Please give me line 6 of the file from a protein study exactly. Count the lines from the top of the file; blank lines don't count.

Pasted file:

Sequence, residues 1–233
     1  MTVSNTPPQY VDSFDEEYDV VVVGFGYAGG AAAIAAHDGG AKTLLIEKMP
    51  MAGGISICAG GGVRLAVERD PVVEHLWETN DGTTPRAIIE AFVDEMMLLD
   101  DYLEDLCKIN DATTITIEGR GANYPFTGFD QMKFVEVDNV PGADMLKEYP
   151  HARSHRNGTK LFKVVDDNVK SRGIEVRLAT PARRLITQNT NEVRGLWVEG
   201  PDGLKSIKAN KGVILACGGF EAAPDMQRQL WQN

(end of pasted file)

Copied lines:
   201  PDGLKSIKAN KGVILACGGF EAAPDMQRQL WQN